13. How would William Retlaw’s list of “magic words” that announced near often in advertising compare to a similar list today? What was Retlaw’s opinion of this phenomenon?
  14. How would you describe the Andy Consumer ads in
    Life
    magazine? empowering? condescending? straightforward? manipulative? Do you think they were constructive?
  15. Co-ordinate to the editors of
    Life, why did they create the Andy Consumer ad series? How did they explicate their decision to their advertisers (in the
    Advertising and Selling
    ads on the serial), and to their readers, the “Andy Consumers”?
  16. What were the benefits and downsides of installment ownership, according to James Couzens and C. H. Hanch? How did the automobile manufacturing feel of each man influence his opinion?
  17. Co-ordinate to John Crowe Ransom, what made the American consumer a “new man”—for the worse?
  18. According to William Chenery, what made the American consumer a “new rex”—for the better?

The Cathedrals of Fifth Artery___

  1. What is your overall impression of the
    Cathedrals‘ series of paintings? Did you lot find them visually compelling? conceptually interesting? (See Supplemental Sites below.)
  2. Why is
    The Cathedrals of Fifth Avenue
    fun to look at (and why is it important to enquire)?
  3. Describe the visual elements and system of
    The Cathedrals of Fifth Avenue. Compare its “altar” with the altars of American Gothic-manner cathedrals such every bit Saint Patrick’due south Roman Catholic Cathedral and St. Thomas Episcopal Church, both on Fifth Avenue in New York City.
  4. How did the “cathedral” motif provide Stettheimer an effective format for depicting secular aspects of American culture? (Compare
    The Cathedrals of 5th Avenue
    with
    The Cathedrals of Broadway
    in this drove.)
  5. What commentary, if any, did Stettheimer incorporate in
    The Cathedrals of 5th Avenue? What response exercise yous think she hoped to evoke in the viewer?
  6. Why are the bride and groom depicted similar figures on a hymeneals cake? Why are their parents more realistically portrayed, the bride’southward male parent looking straight out from the canvas?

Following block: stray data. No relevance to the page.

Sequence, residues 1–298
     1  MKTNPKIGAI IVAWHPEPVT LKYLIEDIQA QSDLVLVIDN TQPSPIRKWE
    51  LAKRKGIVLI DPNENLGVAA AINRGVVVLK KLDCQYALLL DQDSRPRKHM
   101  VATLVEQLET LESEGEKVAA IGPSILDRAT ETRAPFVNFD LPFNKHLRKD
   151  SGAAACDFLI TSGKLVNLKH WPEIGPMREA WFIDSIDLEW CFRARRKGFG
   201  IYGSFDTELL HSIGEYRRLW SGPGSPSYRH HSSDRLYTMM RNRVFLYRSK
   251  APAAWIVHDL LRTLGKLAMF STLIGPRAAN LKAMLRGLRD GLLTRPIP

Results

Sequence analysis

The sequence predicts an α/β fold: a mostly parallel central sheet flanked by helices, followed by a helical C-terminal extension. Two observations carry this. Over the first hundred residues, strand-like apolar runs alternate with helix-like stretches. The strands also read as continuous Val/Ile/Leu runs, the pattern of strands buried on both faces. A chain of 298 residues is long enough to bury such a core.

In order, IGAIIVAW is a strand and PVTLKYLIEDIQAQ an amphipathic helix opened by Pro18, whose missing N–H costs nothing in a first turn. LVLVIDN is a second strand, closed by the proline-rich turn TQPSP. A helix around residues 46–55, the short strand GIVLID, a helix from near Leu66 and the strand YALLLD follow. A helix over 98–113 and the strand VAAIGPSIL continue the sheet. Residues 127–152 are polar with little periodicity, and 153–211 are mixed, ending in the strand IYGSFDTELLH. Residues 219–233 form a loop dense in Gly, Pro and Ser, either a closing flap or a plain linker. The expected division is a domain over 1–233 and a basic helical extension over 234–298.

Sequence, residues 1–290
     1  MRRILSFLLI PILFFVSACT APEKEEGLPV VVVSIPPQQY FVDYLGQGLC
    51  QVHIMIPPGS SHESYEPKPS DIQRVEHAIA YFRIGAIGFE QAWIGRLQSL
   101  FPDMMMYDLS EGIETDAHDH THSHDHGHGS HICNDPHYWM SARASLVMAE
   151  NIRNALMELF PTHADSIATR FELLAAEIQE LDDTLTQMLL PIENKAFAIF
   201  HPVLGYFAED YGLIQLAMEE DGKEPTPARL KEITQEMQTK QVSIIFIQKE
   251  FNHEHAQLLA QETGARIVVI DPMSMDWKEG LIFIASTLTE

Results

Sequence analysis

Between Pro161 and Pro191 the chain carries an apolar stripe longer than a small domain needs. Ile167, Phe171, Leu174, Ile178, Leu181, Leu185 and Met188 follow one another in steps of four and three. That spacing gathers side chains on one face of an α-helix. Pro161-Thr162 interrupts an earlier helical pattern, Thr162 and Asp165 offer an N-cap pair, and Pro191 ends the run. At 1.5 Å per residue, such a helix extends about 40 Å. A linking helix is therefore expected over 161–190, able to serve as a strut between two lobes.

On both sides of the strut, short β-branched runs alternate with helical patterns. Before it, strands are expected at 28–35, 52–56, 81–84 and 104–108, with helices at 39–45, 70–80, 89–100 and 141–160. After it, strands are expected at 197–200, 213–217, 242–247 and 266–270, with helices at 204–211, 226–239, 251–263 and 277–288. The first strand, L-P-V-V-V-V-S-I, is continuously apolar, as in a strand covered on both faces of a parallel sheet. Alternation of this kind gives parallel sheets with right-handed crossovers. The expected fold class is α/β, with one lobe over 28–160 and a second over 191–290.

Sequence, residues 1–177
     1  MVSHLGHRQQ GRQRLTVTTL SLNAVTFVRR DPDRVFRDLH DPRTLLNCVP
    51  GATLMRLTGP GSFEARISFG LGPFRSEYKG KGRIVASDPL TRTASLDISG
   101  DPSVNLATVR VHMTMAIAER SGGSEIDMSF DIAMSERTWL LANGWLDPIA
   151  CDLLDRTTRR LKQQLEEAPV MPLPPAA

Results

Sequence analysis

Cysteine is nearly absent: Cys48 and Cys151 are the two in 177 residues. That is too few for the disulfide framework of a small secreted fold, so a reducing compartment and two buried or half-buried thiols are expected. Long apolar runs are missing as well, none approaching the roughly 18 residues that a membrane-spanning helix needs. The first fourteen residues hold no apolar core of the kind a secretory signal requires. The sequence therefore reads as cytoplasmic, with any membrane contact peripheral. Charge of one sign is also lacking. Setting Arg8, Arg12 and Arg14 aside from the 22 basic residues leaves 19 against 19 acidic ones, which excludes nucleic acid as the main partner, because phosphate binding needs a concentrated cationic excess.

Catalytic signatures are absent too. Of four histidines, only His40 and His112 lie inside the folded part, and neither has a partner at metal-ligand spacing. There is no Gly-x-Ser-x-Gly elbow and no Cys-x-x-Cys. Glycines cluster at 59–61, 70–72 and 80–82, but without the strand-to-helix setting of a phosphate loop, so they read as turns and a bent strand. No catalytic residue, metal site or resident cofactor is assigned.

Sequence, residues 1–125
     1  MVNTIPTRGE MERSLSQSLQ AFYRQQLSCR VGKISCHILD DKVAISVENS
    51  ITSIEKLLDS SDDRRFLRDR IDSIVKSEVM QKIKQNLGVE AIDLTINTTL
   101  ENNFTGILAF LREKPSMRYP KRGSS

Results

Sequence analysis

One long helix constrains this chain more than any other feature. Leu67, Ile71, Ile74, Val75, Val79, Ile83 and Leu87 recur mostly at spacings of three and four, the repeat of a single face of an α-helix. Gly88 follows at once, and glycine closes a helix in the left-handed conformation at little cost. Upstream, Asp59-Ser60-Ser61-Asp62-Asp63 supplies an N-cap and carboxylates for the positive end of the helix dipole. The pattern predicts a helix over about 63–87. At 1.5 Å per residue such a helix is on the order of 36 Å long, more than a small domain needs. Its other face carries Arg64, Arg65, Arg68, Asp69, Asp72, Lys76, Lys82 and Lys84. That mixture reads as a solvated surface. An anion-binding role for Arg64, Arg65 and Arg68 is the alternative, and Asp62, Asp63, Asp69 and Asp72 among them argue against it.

7. Why are the spectators more than interested in the hymeneals party than in the ticker-tape parade for a visiting dignitary (at center left)?
  8. How did Stettheimer portray herself and her sisters in the painting (far right)?
  9. Create other questions for yourself and others based on details in the painting. What did you discover from close viewing of the canvass?

Humorists on salesmanship___

  1. What principal points did Robert Benchley and Will Rogers deliver in their humorous essays?
  2. How might ane of the economists or social scientists (in the collected commentary) have expressed the same points?
  3. What unique modes of conveying a message does sense of humor offer?
  4. What constitutes a successful use of sense of humor in persuasive prose?
  5. Attempt your hand at humor. Select one of the serious narrative pieces in the collected commentary and rewrite it in the style of Robert Benchley or Will Rogers. Why is it then hard?

Silent theater commercials___

  1. How did the producers hope to motivate the viewers to buy their products? Is similar motivation used today?
  2. What did they apply as visual enticement? What information did they convey? Did they use persuasion, repetition, humor, or other devices?
  3. Which commercial was about successful, in your opinion? Why?

_________________

  1. Select one of the pairs beneath and create a dialogue (not all pairs held opposing viewpoints). Innovate an consequence about 1920s consumerism at the beginning of the dialogue. Be sure to demonstrate how the speakers’ perspective every bit consumer activists, humorists, etc., influenced their positions. Finish the dialogue with (a) a shared insight that surprises both parties, (b) a prediction for the year 2000, or (c) an appearance by you with a consideration they had disregarded.
    Stuart Hunt and Christine Frederick consumer activists
    Lynd & Lynd and Wilbur Plummer social scientists
    Will Rogers and Robert Benchley humorists